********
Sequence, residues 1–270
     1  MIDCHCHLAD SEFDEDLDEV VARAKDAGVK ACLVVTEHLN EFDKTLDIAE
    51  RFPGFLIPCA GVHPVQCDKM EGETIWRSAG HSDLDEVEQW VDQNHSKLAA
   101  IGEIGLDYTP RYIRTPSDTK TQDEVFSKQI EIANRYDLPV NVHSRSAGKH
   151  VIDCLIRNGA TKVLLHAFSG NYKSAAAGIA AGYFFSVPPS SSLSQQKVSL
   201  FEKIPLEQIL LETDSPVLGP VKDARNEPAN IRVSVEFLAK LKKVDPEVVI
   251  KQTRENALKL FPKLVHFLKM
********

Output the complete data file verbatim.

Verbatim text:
Sequence, residues 1–270
     1  MIDCHCHLAD SEFDEDLDEV VARAKDAGVK ACLVVTEHLN EFDKTLDIAE
    51  RFPGFLIPCA GVHPVQCDKM EGETIWRSAG HSDLDEVEQW VDQNHSKLAA
   101  IGEIGLDYTP RYIRTPSDTK TQDEVFSKQI EIANRYDLPV NVHSRSAGKH
   151  VIDCLIRNGA TKVLLHAFSG NYKSAAAGIA AGYFFSVPPS SSLSQQKVSL
   201  FEKIPLEQIL LETDSPVLGP VKDARNEPAN IRVSVEFLAK LKKVDPEVVI
   251  KQTRENALKL FPKLVHFLKM